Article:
We've barely entered 2016, but China and the US the world's largest coal producers have already embarked on sweeping changes to cut out coal. Could 2016 be the year we break free from this dirty fossil fuel?
It's the centuries old "addiction" the world can't kick. Coal-burning power plants remain the single largest source of human-made CO2 emissions worldwide, and burning coal is a serious health hazard – as those suffering from Beijing's smog know all too well.
But 2016 is already shaping up to be the year where we start to leave our fossil fuelled world behind, and move towards a renewable future.
Last year, the coal industry experienced a dramatic drop. Global coal consumption fell between 90 and 180 million tonnes in the first half of the year – the largest decrease on record.
Politics shifted too. Countries most impacted by climate change spoke out against coal. The president of the low-lying island nation of Kiribati demanded a global moratorium on coal mining. Meanwhile the Philippines launched the world's first national human rights investigation into 50 big polluters.
But perhaps the biggest blow to coal happened in December, when world leaders at the COP21 Paris climate talks signed an agreement that left no doubt investing in coal was a risky endeavor, at best.
Once coal's "allies," China and the US are now starting to separate from the dirty fossil fuel. Here's what they've done in just the last few weeks:
China is closing down thousands of mines
In the final days of 2015, China announced plans to halt new coal mine approvals for the next three years and close 1,000 mines as part of its fight against air pollution.
This is astonishing, considering that only two years ago, some predicted China would be burning over a billion tonnes more coal by 2020. Instead, China's coal consumption has been in decline for almost two years. Prior to the Paris summit, China even announced its intention to peak CO2 emissions by 2030 at the latest. And more recently, Beijing announced it is banning coal in six of its districts to continue its fight against air pollution.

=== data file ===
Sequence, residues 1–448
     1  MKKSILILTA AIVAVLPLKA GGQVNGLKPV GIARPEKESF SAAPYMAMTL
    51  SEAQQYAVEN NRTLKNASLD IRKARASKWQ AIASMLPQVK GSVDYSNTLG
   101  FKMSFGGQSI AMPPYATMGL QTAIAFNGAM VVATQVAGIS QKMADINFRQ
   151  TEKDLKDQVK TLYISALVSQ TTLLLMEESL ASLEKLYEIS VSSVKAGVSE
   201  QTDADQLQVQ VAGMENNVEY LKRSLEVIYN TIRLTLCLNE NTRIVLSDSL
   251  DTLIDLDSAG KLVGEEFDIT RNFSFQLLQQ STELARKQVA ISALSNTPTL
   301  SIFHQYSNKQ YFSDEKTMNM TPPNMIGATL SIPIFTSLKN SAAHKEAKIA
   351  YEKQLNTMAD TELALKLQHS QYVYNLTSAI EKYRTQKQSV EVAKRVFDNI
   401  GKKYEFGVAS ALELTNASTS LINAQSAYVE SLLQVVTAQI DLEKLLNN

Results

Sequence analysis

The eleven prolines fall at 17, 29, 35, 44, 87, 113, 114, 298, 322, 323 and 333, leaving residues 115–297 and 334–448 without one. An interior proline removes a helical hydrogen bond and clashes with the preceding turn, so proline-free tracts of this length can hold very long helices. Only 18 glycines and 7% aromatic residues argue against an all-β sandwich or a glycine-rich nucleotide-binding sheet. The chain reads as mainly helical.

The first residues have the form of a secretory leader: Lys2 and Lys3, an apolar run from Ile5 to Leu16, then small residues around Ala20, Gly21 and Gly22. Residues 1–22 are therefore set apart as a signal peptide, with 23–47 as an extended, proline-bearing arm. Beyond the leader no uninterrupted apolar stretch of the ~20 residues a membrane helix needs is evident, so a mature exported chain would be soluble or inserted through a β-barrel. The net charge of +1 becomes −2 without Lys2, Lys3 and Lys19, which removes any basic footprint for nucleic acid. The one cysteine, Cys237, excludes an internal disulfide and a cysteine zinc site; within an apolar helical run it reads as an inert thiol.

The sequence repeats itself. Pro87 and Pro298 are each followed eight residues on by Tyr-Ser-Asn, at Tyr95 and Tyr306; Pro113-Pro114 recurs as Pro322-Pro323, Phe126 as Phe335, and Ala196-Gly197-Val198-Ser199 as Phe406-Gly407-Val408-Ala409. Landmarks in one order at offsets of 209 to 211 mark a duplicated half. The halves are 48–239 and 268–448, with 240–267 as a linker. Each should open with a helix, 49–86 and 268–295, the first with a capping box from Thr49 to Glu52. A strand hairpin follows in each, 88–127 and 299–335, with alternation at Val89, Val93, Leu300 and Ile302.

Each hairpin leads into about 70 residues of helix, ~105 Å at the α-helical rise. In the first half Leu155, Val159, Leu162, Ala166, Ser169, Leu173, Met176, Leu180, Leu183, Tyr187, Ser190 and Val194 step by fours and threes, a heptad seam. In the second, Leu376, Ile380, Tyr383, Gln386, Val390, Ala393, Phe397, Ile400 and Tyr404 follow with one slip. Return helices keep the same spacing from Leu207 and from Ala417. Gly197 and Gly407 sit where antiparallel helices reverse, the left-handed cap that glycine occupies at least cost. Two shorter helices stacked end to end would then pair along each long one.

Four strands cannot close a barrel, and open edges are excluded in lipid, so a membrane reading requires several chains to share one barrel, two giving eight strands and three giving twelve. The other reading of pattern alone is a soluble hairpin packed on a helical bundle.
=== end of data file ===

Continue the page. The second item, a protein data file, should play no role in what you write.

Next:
These drastic changes send another signal that the Chinese government is serious about tackling coal's impact on worsening air quality in big cities, as well as its impact on water shortages and ecological degradation in vulnerable land-locked regions.
It's an inevitable step as China moves away from its coal addiction.
Bans and bankruptcy for coal in the US
President Obama promised in his State of the Union address earlier this week that he would charge more for coal and gas companies to mine and drill on US public lands. Today, he made good on his word.
The US Department of Interior – the part of the Obama administration in charge of public lands – has just announced that it will review the program that allows coal companies to mine public lands for cheap, and it will take the impacts of climate change into account. What's more, during the multi-year review process it will halt new federal coal leases.
This is a huge win in for the climate, considering that 40 percent of US coal comes from public lands. The ban will keep billions of tonnes of coal in the ground.
The news comes just days after Arch Coal, the second largest coal mining company in the United States, filed for bankruptcy. (Over the past few years, nearly 50 coal companies in the US have gone bankrupt. )
Arch Coal is a textbook example of the twisted coal industry in the US. The company has worked to gut basic environmental and public health protections and cheat miners, all while cooking the climate and destroying complex ecosystems across the United States. Even as its profits have declined over the last few years, it has nearly doubled its CEO's salary.
Its failure now – before President Obama's reforms kick in – is further proof that coal is on its last legs in the US.
And there's more. The final kick in the teeth to the US coal industry this week comes from New York state, where Governor Cuomo released new goals to phase out coal-fired power plants statewide by 2020.
2016... and beyond
While we have made amazing progress in reducing the power and size of the coal industry, the transition to clean, renewable energy can't come quick enough for the climate.
Fortunately, new challenges to the coal industry continue to stream in every single day. And the price of renewable energy keeps getting cheaper all over the world!
These first weeks of 2016 have made it clear that coal is continuing, perhaps even accelerating, its downward spiral. The end of coal is near. So is the dawn of our renewable energy future.
Kelly Mitchell is the Climate Campaign Director at Greenpeace USA.